Item No: c090020
Title: Art Gallery
Additional Title: Art Gallery
"Kunsthalle, Palais de beaux arts."
"Length 365 ft. width 210 ft."
This building, the most ornate and striking among the edifices on the Centennial grounds, was constructed for the State of Pennsylvania, and is intended to remain a permanent ornament of the Park. It stands north of the Main Building, in a commanding position overlooking the river Schuylkill. The ground is elevated, and is 122 feet above the level of the river. The materials are granite, brick, glass and iron, no wood being used in construction. The building is 365 feet long, 210 feet wide and 59 feet in height. The dome over the rotunda rises 150 feet above the ground, and is capped by a colossal bell, upon which stands an emblematic figure of Columbia, cast in zinc. The main front, facing the south, presents a grand entrance, with arcades on either side and square pavilions at the corners. The centre consists of three large arched doorways, each 40 feet high by 15 feet wide, standing upon a platform 70 feet wide, the ascent to which is by 13 steps. Between the arches of the doorway are clusters of columns terminating in emblematic designs illustrative of Science and Art. Colossal sitting figures of Science and Art crown the cornice of the main entrance. The arcades east and west of the main entrance are each 90 feet long and 40 feet high. They connect the principal centre building with the pavilions at the corners. They are of 5 groined arches, and open upon garden plots, each 90 by 36 feet, ornamented in the centre by fountains and statuary. The pavilions are 45 feet square. There are two of them on the north end of the building, connected with those at the south by saloon galleries. The pavilions are each lighted by two large windows, each 12 ½ feet wide and 34 feet high, fitted up with paintings, stained glass, etc. In front, upon pedestals, opening the approach to the building, are two bronze figures of heroic size, representing Pegasus led by the Muses, which were brought from Vienna and presented some years ago to the Fairmount Park Commission by R. H. Gratz. The outside walls on the east and west sides display the pavilions and the walls for pictures, relieved by niches, above which is a highly ornamented frieze. The north front is of the same character as the south, except that instead of arcades there are small windows opening into small rooms or galleries. There are 13 of these. The dome is of glass and iron, and at the corners are figures representing the four quarters of the globe. All the statuary of the exterior is cast in zinc from designs by Mueller, a German artist. The main entrance, on the south, opens upon a hall 60 feet wide, 82 feet long and 53 feet high. Great doorways open from this hall into the centre hall, which is 83 feet square and 80 feet to the ceiling of the dome. East and west of the rotunda are galleries each 98 feet long, 88 feet wide and 35 feet in height. The centre hall and galleries form a grand hall, 287 feet long and 85 feet wide, capable of holding 8000 persons, nearly twice the dimensions of the largest hall in the country. East and west of the long galleries are two others, each 89 feet long and 28 feet wide, which are connected with apartments that open into the pavilion-rooms. On the north side there are 13 smaller rooms, which open on a corridor 14 feet wide, and may be used for studios or exhibition-rooms. The interior halls are lighted from above; the pavilions from the sides; the northern rooms from the front. The interior doors are of iron and bronze, richly ornamented. All the apartments are embellished with ornaments in rich bas-relief. The floors are laid with marble tiles, and the entire building, in exterior appearance and interior finish, is rich and tasteful. The pavilions are devoted to statuary; the galleries mainly to paintings. The total area covered by the building is about 1 ½ acres. The total wall-space is 87,990 square feet. The architect was H. J. Schwarzmann; builder, R. J. Dobbins. Cost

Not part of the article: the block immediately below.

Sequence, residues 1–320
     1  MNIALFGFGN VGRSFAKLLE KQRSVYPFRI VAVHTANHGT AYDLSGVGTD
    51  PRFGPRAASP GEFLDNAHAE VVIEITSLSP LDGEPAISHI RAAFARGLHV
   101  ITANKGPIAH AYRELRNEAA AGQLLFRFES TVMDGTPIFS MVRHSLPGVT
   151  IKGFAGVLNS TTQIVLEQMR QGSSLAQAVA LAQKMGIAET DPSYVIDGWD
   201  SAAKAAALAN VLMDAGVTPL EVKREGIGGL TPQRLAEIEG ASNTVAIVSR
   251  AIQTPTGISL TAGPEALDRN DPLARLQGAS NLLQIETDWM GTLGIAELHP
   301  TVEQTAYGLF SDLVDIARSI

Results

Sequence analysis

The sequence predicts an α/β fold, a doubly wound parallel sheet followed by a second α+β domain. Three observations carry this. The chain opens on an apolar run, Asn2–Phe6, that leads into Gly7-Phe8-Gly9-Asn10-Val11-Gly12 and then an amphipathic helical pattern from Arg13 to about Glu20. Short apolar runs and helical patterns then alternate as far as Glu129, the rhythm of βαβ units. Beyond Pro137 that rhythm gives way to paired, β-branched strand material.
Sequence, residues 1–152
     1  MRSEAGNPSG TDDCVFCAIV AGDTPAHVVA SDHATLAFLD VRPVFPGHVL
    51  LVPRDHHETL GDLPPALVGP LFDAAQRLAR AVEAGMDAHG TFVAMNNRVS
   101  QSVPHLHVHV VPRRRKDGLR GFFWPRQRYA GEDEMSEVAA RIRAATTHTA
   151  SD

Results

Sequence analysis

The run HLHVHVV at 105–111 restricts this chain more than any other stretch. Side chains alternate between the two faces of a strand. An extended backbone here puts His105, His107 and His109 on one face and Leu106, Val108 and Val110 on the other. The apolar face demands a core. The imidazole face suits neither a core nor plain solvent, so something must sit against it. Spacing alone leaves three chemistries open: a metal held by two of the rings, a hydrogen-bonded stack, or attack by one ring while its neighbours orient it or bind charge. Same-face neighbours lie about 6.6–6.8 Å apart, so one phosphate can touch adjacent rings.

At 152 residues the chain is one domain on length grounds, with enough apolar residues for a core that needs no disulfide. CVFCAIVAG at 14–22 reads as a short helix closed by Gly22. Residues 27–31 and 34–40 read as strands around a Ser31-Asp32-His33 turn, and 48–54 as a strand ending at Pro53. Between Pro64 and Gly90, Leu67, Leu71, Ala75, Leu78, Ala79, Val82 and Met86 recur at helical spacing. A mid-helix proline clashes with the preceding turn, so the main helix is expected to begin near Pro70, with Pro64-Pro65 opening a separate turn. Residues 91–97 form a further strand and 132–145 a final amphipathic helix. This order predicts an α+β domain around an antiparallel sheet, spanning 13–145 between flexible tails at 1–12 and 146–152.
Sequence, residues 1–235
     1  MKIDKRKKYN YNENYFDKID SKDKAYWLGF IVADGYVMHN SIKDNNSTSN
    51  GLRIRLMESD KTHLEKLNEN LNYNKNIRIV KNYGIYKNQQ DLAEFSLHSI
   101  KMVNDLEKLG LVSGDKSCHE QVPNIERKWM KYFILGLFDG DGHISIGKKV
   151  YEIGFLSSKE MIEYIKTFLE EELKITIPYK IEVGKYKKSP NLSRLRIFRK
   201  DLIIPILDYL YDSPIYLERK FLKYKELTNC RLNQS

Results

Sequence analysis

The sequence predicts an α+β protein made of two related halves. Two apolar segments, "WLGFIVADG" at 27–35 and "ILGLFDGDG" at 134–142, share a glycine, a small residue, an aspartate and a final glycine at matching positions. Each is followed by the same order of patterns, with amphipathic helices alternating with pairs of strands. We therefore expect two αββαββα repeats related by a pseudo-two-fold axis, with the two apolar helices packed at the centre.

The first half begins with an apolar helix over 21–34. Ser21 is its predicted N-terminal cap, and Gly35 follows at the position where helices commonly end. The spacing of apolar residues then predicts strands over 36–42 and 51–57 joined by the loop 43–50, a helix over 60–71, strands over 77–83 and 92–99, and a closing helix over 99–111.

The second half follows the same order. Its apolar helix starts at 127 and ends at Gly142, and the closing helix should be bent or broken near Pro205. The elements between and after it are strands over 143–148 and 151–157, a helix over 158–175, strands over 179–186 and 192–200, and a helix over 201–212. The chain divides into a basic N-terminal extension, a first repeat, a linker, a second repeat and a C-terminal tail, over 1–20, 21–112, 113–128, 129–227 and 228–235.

1 lithograph; 12 x 22 cm.
Architect: H.J. Schwarzmann.
Removed from: Centennial portfolio / Thompson Westcott. Philadelphia : T. Hunter, 1876.
The Building, situated in a landscaped field, with people strolling in the foreground.
Westcott, Thompson. Centennial portfolio.
Thomas Hunter, lithographer.